Learning to play the piano is not something you will learn in a day. Learning to play your favorite songs will certainly improve your playing ability, but it should be done in combination with other exercises and a structured lesson plan that includes scales, chords and other important exercises.

One of the best ways to get good at playing piano is to look for easy songs to learn on piano to learn and play. Many traditional folk songs fall into this category. These types of songs usually feature a simple melody that can be played against easy chords. One such song is the traditional English ballad “Scarborough Fair”. This song is the tale of a young man who instructs the subject of the song to request his former lover to perform impossible tasks and that if she can perform these tasks he will take her back. The melody is typical of the middle age English period.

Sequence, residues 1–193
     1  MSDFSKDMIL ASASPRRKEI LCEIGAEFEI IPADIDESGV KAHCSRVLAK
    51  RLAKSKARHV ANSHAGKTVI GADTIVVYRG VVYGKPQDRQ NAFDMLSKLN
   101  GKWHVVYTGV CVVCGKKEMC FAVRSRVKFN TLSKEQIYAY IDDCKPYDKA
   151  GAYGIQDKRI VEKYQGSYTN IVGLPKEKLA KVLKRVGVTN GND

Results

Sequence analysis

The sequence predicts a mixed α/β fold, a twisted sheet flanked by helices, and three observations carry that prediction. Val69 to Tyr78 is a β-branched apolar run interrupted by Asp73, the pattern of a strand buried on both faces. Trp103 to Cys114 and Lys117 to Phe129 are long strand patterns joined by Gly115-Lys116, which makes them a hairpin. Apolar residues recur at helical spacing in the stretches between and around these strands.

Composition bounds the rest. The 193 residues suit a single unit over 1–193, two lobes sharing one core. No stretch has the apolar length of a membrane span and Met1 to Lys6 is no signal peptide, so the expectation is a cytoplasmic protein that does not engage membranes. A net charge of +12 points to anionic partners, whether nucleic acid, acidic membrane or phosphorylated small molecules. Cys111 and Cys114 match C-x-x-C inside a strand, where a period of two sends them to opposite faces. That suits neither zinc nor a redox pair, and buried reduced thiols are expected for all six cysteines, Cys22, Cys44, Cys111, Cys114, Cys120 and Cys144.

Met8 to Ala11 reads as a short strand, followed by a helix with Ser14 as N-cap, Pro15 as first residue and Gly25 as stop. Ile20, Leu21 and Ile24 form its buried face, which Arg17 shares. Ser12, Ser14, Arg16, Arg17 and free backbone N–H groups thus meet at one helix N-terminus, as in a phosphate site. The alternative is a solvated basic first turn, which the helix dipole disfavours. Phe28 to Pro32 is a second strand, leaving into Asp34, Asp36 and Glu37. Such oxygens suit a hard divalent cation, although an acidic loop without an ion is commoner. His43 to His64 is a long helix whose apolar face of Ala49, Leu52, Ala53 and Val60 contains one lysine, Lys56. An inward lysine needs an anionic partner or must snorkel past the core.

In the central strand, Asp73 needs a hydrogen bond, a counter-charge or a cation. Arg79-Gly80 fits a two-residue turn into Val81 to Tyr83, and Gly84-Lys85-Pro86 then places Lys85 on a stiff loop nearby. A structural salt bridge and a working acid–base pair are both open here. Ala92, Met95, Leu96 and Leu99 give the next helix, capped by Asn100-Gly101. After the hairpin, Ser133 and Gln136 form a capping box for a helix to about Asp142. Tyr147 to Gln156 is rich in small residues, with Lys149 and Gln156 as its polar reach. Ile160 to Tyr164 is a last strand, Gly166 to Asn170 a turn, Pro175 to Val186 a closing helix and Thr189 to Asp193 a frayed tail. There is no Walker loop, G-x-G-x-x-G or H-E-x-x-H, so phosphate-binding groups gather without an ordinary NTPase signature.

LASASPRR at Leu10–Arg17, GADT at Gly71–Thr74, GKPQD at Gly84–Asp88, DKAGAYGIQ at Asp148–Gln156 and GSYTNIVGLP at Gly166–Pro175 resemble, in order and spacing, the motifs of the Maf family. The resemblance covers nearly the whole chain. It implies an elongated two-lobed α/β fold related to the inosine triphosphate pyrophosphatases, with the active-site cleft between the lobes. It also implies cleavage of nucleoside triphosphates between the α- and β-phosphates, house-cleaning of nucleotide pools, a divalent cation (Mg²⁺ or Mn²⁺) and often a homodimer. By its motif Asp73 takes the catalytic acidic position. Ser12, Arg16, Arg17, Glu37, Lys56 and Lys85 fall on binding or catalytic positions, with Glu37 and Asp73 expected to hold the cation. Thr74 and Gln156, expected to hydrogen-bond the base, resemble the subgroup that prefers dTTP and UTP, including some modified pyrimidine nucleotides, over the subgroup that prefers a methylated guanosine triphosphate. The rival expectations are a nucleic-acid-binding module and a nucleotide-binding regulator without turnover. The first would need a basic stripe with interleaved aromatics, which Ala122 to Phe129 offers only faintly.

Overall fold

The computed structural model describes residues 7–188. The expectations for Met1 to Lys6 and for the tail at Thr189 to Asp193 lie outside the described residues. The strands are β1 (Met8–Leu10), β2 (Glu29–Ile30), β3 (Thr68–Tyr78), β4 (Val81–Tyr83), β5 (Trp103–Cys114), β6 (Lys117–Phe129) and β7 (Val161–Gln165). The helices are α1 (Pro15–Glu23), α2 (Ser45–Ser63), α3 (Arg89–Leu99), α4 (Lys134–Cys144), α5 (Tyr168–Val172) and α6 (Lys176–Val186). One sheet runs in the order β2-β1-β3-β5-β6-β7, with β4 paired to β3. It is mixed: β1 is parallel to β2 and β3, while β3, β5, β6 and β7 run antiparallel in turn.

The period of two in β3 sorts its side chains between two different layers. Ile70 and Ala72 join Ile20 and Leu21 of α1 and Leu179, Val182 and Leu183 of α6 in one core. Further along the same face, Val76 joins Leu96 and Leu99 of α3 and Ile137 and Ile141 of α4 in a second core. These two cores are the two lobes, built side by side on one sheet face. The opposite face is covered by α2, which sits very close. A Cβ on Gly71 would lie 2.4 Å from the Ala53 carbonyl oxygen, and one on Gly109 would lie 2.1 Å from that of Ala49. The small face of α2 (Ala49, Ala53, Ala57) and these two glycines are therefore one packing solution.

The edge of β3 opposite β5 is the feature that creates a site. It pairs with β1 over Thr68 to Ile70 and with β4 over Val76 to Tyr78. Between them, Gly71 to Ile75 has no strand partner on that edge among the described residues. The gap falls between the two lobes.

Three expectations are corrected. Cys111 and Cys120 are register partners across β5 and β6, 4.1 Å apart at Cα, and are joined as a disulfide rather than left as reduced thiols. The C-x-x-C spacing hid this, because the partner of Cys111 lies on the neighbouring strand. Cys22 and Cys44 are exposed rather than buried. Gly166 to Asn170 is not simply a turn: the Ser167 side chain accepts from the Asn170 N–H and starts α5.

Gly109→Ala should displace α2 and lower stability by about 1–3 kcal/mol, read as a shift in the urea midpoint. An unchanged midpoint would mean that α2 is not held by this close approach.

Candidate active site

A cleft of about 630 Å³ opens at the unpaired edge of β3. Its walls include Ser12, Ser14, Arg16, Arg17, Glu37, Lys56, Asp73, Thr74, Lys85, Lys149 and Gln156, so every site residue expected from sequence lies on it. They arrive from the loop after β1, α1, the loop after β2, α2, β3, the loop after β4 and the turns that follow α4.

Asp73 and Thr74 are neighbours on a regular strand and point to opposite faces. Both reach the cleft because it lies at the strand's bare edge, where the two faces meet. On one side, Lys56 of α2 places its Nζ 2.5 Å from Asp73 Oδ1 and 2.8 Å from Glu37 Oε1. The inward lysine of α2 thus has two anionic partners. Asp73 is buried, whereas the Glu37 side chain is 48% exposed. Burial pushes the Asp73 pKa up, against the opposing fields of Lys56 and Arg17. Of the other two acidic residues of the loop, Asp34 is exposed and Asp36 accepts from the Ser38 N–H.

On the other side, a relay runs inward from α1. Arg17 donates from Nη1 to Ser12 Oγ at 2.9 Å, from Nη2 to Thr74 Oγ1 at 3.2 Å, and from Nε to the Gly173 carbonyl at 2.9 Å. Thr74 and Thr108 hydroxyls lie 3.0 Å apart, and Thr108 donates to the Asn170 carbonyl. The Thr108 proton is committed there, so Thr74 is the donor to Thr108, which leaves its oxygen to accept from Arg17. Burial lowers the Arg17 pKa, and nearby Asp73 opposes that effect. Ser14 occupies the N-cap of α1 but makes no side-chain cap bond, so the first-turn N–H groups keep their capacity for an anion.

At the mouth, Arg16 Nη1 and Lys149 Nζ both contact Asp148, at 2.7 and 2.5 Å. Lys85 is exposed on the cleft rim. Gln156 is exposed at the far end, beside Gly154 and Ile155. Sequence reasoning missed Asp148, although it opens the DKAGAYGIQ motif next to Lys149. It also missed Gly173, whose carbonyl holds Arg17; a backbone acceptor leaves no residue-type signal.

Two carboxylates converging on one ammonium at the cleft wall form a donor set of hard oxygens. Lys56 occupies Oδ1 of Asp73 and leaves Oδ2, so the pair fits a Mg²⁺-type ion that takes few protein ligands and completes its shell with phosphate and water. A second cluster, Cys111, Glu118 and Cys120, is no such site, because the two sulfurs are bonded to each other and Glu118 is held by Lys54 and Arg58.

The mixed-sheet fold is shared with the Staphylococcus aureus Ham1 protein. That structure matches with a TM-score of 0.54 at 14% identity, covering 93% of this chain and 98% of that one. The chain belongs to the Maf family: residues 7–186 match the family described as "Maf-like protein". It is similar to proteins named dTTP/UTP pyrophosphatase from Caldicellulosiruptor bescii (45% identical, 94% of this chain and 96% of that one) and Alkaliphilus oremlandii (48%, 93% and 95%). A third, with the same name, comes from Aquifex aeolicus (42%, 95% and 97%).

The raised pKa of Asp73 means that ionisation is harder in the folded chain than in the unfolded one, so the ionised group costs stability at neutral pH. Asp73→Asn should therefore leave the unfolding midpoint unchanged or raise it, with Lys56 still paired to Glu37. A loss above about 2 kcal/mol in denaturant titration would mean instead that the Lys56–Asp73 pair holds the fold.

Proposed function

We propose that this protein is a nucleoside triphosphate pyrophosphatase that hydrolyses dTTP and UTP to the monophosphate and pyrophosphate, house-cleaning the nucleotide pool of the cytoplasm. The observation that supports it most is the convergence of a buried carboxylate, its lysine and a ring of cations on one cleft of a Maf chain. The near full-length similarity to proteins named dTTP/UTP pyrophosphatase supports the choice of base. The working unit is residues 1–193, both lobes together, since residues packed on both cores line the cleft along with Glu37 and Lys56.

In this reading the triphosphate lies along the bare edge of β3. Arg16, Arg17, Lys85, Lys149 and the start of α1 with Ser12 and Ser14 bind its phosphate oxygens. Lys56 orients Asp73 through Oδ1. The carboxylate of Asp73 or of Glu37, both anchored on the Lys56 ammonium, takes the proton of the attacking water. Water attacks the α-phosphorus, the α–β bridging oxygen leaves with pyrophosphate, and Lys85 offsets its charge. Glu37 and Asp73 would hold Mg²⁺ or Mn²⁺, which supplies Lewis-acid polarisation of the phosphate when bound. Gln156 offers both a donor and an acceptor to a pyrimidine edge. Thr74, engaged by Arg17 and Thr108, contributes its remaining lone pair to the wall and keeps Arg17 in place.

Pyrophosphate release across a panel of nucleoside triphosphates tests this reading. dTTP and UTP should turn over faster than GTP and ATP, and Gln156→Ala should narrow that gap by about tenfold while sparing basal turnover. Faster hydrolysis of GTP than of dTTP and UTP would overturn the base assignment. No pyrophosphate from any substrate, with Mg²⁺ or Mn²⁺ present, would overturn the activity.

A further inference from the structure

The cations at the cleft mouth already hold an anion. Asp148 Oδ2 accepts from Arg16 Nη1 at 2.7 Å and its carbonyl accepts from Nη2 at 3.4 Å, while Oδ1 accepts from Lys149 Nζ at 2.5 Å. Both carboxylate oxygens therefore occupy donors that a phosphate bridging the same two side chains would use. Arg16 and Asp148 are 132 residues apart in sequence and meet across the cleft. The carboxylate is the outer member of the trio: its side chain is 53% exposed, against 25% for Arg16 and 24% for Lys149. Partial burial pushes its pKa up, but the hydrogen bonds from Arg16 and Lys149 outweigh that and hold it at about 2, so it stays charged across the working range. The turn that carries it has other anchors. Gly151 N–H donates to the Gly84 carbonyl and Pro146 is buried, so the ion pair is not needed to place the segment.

Over time, many theories have been proposed about the plot of the song. Some say it was set in the time of the Great Plague of the Middle Ages. That the song is about the Yorkshire town of Scarborough seems obvious, although the worlds “Scarborough Fair” seem to associate with an obscure Scottish ballad which can be traced back at least as far back as 1670.

There have been several commercial recordings of this song, most popularly the 1968 single by Simon and Garfunkel which was released as a 7″ single. Their song performed very well in the charts, breaking into the top 10 in the UK Singles Chart.